Here is a summary of some of this summer’s most fascinating and thought-provoking scientific and technological news.
Parker Solar Probe
On August 12th, NASA launched its new Parker Solar Probe from Cape Canaveral in Florida. It will fly within six million kilometres of the Sun, into its outer atmosphere, the closest any probe has ever been to our star. Its mission is to study the Sun’s behaviour.
Researchers at MIT’s Biomechatronics Lab are developing an exoskeleton that can be worn by humans to increase their strength and endurance, or to overcome injuries. The exoskeletons would use electrical motors and act as an extension of the nervous system. However, this innovation is raising ethical questions on when and how the exoskeletons should be used, if they ever are.
Shrinking on Flores
When archaeologists found the remains of an extinct, pygmy human species called Homo florensiensis and nicknamed the ‘Hobbit’ on the island of Flores, it got people wondering whether or not the modern day pygmy inhabitants of the island were descended from them, when modern day humans, Homo sapiens, encountered and mated with them. Now, researchers have decoded the modern inhabitants’ DNA and compared it to that of the Hobbit, and found no remains of it. This means that modern humans, that came to the island after the Hobbit went extinct, must have went through the same shrinking phenomenon. This happens when large animals find themselves on small islands with limited resources: over time, they adapt to their environment to survive by shrinking. That is how the first modern humans on the island gave way to the present day population.
Why Humans Speak and Other Primates Don’t
Scientists headed by Dr. Jacob Dunn from Anglia University in Cambridge have put out a new study suggesting that the capacity to talk is partly determined by how well-developed our vocal system is. In the study, the researchers classified primate species by the number of complex sounds they could make, and then looking at their vocal system and the area of the brain dedicated to speech. They theorise that the more complex the vocal system became, only then did the brain learn to control it and speak. Thus, our capacity for complex speech might not be born out of our intelligence, but out of our having the right tools to talk and develop language.
Gene-editing to Cure Muscular Dystrophy
Muscular dystrophy is a condition where muscle function and strength are slowly lost. This incurable disease that leads to an early death is caused by faulty DNA that prevents the body from producing an essential protein: dystrophin. Using a tool called Crispr to edit genes, researchers have successfully removed the faulty DNA section in four dogs and helped restore the missing protein in their bodies. Although still a long way from being used in humans, they hope the technique is a first step in finding a cure for muscular dystrophy.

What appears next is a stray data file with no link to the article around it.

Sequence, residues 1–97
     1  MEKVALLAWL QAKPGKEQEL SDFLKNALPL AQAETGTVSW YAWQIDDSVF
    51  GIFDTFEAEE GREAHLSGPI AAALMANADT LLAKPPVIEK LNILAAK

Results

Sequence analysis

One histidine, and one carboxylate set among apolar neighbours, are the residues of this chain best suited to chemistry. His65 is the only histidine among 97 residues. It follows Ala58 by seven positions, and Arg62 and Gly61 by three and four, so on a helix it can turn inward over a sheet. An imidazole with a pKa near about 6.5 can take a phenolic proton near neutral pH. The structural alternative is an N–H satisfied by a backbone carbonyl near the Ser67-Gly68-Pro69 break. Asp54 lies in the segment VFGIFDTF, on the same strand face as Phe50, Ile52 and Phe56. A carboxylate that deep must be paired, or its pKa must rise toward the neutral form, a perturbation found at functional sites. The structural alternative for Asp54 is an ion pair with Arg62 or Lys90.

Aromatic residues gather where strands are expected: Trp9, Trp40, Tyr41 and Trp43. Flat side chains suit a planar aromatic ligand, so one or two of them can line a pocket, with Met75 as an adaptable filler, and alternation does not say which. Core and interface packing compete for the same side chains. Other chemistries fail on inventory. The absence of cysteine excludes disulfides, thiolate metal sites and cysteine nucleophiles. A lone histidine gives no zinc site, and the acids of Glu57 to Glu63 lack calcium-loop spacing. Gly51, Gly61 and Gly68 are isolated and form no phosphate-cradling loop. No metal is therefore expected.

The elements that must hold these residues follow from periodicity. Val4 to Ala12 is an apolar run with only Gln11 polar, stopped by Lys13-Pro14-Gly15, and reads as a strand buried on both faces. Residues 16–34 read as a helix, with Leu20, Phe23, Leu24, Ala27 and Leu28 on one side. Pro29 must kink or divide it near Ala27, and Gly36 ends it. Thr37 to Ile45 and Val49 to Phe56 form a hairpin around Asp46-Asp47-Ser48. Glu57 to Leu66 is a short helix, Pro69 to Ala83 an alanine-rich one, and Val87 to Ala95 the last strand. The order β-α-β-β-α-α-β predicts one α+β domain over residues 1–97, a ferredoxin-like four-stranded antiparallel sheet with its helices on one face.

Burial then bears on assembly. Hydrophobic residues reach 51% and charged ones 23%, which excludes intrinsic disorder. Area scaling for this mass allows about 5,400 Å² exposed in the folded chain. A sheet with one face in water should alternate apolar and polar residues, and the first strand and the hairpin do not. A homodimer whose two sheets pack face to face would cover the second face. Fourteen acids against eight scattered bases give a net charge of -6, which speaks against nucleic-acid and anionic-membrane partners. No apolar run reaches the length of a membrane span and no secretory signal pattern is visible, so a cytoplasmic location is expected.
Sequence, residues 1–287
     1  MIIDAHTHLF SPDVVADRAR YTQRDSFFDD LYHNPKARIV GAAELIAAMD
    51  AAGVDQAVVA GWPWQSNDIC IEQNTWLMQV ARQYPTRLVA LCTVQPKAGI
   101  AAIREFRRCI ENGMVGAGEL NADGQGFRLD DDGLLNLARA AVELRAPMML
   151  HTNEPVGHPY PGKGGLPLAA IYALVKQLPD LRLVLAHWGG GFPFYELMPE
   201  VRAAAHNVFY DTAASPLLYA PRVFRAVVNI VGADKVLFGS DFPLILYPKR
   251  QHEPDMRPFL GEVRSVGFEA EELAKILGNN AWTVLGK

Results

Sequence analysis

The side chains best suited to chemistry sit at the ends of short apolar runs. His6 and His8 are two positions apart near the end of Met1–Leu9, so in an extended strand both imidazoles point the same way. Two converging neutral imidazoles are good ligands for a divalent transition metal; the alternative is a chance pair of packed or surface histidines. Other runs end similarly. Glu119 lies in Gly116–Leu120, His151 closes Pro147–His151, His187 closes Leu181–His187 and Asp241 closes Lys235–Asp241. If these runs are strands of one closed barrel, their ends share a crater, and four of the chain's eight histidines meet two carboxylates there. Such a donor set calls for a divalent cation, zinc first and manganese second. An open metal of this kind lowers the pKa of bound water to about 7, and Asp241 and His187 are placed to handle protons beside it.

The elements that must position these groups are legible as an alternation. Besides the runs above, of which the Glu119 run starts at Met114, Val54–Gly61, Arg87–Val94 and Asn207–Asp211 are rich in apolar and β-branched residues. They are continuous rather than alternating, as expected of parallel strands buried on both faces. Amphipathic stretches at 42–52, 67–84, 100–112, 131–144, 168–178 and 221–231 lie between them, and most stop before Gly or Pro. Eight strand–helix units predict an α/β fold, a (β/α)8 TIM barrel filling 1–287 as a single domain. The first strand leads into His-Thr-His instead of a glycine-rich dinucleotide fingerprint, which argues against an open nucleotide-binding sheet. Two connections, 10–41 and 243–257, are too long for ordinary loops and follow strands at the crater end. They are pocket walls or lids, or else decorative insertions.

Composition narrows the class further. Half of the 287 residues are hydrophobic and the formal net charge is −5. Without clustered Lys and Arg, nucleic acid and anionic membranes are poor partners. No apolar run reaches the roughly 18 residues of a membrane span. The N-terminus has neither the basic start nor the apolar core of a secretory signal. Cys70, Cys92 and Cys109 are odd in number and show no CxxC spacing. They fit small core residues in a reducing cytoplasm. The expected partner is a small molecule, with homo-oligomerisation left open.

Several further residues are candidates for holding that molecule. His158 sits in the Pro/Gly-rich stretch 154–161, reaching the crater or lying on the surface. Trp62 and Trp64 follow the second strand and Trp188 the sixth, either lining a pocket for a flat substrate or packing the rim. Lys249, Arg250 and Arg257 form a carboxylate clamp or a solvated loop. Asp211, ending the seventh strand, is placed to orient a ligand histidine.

Decoding a Genome to Save Koalas
Koalas have for a long time fallen victim to fast-spreading chlamydia, a sexually transmitted disease that causes infertility, blindness, and a “painful inflammation of the urinary tract that often results in the animal’s death,” according to the BBC. By continuing to decode the Koalas’ genome, researchers are confident that they will find information that will greatly advance today’s vaccine developments to counter the disease.
Almost Every Lemur Species in Danger of Extinction
A group from the International Union for the Conservation of Nature has carried out an assessment of the lemur population in Madagascar and found that 105 out of the 111 species and subspecies of lemurs are at risk. The main threats to the lemur population ar
e human made: destruction of their habitat, hunting them for food and capturing them to use as pets. The good news is that the IUCN has put out a “lemur action plan” that could save them.
This is the term researchers have coined for a situation in which our planet would be trapped in very hot temperatures and a high sea level. They warn that such an irreversible scenario could come about even if countries reduce their emissions, because it is dependent on if the overall global temperatures increase past the 2°C threshold.
Organic Solar Cells
Chinese researchers have developed a new form of solar panels that are considerably cheaper to produce, made of carbon and plastic: organic photovoltaics. Usually, organic photovoltaics were not commercialized due to their lower conversion of solar energy into electricity, given that traditional silicon photovoltaics can convert 15-22%. However, by layering the material, researchers have been able to get a 17% conversion instead of the previous 15% record, and they hope to hit a maximum of 25% conversion, which would make these new solar cells more efficient than the old ones.
Virginia Rufina Marquez-Pacheco
Science & Tech Editor
Originally Published in Bandersnatch Vol. 48 Issue 1 on September 12, 2018